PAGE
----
Classical tactical systems were easily integrated into eighteenth-century warfare by military philosophes. While the reader may question how a phalanx armed with pikes could function against an eighteenth-century enemy armed with muskets, French philosophes were not as sceptical. Though the pike had been phased out at the beginning of the seventeenth century, many believed that warfare contained unchangeable and eternal rules, and therefore that technological change did not alter the fundamental nature of warfare. Tactician Joly de Maizeroy, for example, states:
No change could affect the universal fundamentals of the art of war: Though the invention of powder and of new arms have occasioned various changes in the mechanism of war, we are not to believe that it has had any great influence on the fundamental part of that science, nor on the great manoeuvres. The art of directing the great operations is still the same.
These universal principles dictated that the offensive position should always be sought; that battle must be presented when possible, for “it is a paradox to hope to win without fighting;”  that depth was the key factor for success in infantry formations; that a small, disciplined group of soldiers acting together would overcome greater numbers; and that warfare could be perfected through theory, not necessarily by practice. These lessons were supposed to be applicable regardless of time or place. Accordingly, even the introduction of firearms could not alter the nature of the battlefield. The poor accuracy and limited power of muskets during the eighteenth century did little to contest this theory. Thus, despite some resistance, which will be discussed shortly, a large number of tacticians felt that a system which relied on depth, a quick offensive burst, and a small group of disciplined and cohesive soldiers, would be as successful on the eighteenth-century battlefield as it had been in antiquity, and set about designing it.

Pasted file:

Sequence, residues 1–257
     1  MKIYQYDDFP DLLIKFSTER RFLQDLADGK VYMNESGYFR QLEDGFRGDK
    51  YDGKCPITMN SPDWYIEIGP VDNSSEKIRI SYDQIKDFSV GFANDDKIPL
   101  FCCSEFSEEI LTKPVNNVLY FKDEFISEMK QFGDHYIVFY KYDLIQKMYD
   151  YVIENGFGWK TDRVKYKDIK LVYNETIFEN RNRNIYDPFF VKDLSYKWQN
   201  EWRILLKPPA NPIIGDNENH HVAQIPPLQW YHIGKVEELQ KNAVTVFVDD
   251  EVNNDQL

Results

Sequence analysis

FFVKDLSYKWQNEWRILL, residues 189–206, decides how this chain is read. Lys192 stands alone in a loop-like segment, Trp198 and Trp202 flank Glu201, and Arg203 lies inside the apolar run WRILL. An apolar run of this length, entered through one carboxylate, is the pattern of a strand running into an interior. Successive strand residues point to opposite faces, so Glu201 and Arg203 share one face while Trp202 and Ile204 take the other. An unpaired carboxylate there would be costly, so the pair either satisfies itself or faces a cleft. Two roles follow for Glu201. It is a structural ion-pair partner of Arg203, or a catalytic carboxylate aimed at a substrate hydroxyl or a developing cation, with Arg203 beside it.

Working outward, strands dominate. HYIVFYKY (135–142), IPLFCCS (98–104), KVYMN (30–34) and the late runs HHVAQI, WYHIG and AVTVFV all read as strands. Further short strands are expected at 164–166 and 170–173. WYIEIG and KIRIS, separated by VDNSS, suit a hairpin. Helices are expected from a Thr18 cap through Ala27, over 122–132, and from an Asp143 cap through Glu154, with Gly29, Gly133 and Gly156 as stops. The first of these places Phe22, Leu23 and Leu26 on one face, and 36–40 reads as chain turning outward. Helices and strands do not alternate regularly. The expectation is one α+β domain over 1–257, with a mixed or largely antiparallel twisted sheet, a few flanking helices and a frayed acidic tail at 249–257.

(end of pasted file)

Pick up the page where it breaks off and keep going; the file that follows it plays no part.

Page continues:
Delbruck, 177.
 Maizeroy, quoted in Gat, Origins, 40. The concept of Universal Principles will be returned to in the analysis of Jomini later in this study.
 Le Blond, “Guerre;” Lancelot Turpin de Crissé, Commentaires sur les Memoires de Montecuculi, Generissime des Armees, & Grand-Maitre de l’Artillerie de l’Empereur (Paris: Chez Lacombe, 1769), xi.
 Indeed, Puysegur argued that there could be no greater mistake than to assume that the introduction of firearms changed the nature of war. Instead, he claimed, the success of all the great generals was a result of their adherence to the universal rules of war, and recommended looking not only to Montecuculi and Turenne for proof, but to Arrian’s Campaigns of Alexander, Thucydides’ History of the Peloponesian War, the Commentaries of Caesar, and to Polybius and Xenophon. Puysegur, vol.1, 4-5.